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"Nope I'm burnt out, I don't want to do this anymore."


11 years ago, Lindsey Trempler, owner of Trempler Family Farms, recounts the moment she found herself at a crossroads. After 10 years of working in the medical field, she was unhappy with her job, which left her feeling stressed and unfulfilled.


When Lindsey started talking about growing up in rural Michigan, in a small town of about 200, her tone reflected a mix of nostalgia and excitement, "We had chickens, turkeys, pigs. My favorite were our pigs, because they're so smart." She recalled how she would bring them tomatoes as treats, and how her father would put out bowling balls for them to roll around, and the sprinkler for them to run through. "They were so adorable, with their ears flapping, like children almost!"


Yet when it came to making decisions, or leaving her comfort zone, it was something Lindsey wasn't used to. But as she moved away from Michigan and over to Oregon, and as her heart drew her to take stock of what was missing in her life, Lindsey's confidence grew.


"A lot of confidence came when we moved out of Michigan, and it was just me and Geri," with words of deep appreciation for her wife, Lindsey conveyed how empowered she felt to start out on her own, "and she has always been extremely supportive of any ideas I wanted to try. She's been behind me a thousand percent. Always."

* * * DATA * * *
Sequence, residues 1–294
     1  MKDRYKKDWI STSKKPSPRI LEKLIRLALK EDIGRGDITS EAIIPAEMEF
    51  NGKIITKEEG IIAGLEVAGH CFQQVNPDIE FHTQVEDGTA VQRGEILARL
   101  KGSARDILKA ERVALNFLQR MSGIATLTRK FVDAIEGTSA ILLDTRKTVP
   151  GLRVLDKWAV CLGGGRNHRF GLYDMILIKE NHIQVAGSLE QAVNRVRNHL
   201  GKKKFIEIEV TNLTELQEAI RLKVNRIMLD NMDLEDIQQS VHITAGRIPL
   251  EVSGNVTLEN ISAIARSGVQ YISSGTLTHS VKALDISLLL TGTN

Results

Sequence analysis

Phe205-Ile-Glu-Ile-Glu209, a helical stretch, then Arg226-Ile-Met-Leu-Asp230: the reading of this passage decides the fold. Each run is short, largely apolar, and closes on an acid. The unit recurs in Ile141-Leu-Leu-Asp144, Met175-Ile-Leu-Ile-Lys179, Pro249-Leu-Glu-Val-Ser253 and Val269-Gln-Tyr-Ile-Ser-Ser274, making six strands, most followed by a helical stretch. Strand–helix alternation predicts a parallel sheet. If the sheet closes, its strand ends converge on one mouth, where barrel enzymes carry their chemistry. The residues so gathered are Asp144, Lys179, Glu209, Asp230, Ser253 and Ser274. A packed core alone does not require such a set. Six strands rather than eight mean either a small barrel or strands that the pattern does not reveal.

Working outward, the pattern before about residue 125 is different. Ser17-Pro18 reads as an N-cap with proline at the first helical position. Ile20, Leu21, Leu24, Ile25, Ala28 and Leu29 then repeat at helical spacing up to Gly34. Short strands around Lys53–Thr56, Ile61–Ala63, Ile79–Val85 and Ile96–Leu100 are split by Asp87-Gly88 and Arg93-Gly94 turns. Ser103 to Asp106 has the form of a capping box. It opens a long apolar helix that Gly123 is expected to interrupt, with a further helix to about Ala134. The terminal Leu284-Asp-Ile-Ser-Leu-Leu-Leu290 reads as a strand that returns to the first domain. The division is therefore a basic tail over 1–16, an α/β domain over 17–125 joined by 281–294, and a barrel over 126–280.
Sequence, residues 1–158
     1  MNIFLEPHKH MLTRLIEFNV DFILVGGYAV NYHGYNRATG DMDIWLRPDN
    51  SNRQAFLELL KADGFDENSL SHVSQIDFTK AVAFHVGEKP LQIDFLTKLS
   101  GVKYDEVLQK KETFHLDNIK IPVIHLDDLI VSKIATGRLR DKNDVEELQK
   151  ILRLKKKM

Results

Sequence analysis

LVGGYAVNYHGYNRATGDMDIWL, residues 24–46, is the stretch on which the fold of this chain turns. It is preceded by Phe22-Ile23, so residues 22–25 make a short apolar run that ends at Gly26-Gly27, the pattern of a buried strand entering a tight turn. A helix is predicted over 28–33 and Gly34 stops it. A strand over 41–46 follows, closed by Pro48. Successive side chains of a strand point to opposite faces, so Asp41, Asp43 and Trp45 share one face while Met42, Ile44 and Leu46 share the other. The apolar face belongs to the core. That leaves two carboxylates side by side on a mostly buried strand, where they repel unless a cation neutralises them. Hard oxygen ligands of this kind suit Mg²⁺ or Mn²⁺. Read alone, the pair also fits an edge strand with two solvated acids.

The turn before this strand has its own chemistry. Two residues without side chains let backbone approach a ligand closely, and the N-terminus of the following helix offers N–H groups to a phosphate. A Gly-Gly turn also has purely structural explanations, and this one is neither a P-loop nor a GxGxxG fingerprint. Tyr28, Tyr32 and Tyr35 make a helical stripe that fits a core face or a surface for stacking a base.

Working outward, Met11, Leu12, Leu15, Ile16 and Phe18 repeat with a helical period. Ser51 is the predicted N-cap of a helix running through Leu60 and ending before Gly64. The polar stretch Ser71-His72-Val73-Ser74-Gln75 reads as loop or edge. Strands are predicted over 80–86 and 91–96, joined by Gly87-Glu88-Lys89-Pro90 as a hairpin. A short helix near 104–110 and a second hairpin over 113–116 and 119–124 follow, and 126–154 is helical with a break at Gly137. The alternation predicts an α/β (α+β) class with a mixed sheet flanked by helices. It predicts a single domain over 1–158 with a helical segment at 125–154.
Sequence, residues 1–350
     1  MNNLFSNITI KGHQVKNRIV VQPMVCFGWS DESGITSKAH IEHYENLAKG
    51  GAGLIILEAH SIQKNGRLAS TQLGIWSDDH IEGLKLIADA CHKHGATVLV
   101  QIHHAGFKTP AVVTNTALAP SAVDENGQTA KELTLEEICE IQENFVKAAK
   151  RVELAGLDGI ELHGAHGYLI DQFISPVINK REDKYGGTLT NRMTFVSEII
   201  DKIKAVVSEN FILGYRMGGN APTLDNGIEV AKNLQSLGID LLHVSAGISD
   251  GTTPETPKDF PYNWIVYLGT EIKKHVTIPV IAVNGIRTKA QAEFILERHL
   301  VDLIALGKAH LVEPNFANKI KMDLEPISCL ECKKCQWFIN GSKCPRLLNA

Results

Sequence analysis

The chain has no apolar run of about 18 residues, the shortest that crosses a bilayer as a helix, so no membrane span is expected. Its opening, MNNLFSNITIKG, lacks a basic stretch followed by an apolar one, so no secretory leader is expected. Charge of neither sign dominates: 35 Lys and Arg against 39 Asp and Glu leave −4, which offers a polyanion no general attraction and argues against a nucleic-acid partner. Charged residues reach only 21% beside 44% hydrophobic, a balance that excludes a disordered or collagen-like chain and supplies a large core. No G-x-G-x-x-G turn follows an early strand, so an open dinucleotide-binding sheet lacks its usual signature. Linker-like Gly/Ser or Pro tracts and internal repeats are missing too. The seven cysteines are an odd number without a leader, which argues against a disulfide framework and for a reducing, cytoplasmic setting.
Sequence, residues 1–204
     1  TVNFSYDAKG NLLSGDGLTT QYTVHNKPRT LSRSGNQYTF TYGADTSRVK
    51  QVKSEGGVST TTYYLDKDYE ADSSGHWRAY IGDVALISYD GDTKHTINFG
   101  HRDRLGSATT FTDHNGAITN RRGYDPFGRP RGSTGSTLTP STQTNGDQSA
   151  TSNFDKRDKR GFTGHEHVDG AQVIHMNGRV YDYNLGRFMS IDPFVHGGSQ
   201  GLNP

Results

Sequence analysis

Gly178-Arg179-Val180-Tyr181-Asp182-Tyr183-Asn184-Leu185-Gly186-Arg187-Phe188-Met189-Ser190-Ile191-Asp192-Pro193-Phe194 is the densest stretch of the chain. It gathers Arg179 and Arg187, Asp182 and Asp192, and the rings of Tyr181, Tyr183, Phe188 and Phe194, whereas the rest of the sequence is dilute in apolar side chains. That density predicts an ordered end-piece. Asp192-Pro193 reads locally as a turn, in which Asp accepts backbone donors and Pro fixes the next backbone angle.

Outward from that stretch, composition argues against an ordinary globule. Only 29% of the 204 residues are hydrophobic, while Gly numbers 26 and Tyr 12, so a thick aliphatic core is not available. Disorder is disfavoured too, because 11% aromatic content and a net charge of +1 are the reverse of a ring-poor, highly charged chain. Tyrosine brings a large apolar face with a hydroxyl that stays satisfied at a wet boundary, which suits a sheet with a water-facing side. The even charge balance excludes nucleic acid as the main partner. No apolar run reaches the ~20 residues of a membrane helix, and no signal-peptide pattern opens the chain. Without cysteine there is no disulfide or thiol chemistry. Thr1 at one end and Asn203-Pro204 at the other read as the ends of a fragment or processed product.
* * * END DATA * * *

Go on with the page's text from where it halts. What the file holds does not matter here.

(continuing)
While she was raised homesteading in Michigan on 40 acres that unfurled against the 1 million acres of Manistee National Forest, Lindsey confessed, "We had a big garden, but it's still not as big as what I have here." Upon arriving to Corvallis, she knew she had her work cut out for her. "I immediately started researching, looking for internships with nearby farms."


Lindsey says that she learned a lot from farmers in this region on how to be sustainable, and that it felt a little like piecing together what feels like the right thing to do. "I feel like it's a good thing to not add to the chemicals already being put into the ground and therefore in the waterways, and to not use a lot of plastic that's not needed. It takes a little bit longer, but using organic compost is more of a permanent solution than a temporary fix."


Even with the training she accumulated, her very first year was an upsetting one. Between the stress of really powerful western winds and an infestation of leafhoppers, Lindsey recalls how pathetic her tomatoes looked, with their leaves discolored and curled up tight into little cylinders. "It was so disheartening to try so hard and fail." But each year has gotten better and better, and she is happy with the decision she's made.


"Farming has been the most mentally and physically difficult job I've ever had, but it's been the most worth it. It's kind of really humbling to be giving someone your creation and they're eating it and enjoying it.”


All of the fresh and seasonal fruit and produce grown by Lindsey, in addition to her tasty jams and microgreen kits, are available through her CSA (community supported agriculture) memberships or directly through her farm stand, website, or the South Corvallis Farmers' Market on SE Alexander Ave. which runs between May and October. To find out more, visit:

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